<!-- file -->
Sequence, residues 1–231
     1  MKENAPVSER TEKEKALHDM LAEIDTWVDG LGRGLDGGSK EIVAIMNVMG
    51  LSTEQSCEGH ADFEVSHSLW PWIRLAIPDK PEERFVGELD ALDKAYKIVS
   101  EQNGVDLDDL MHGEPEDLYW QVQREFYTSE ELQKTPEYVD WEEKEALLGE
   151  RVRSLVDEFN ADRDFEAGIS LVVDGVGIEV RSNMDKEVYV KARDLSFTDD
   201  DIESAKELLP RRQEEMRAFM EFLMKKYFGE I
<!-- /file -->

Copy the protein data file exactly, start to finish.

Sequence, residues 1–231
     1  MKENAPVSER TEKEKALHDM LAEIDTWVDG LGRGLDGGSK EIVAIMNVMG
    51  LSTEQSCEGH ADFEVSHSLW PWIRLAIPDK PEERFVGELD ALDKAYKIVS
   101  EQNGVDLDDL MHGEPEDLYW QVQREFYTSE ELQKTPEYVD WEEKEALLGE
   151  RVRSLVDEFN ADRDFEAGIS LVVDGVGIEV RSNMDKEVYV KARDLSFTDD
   201  DIESAKELLP RRQEEMRAFM EFLMKKYFGE I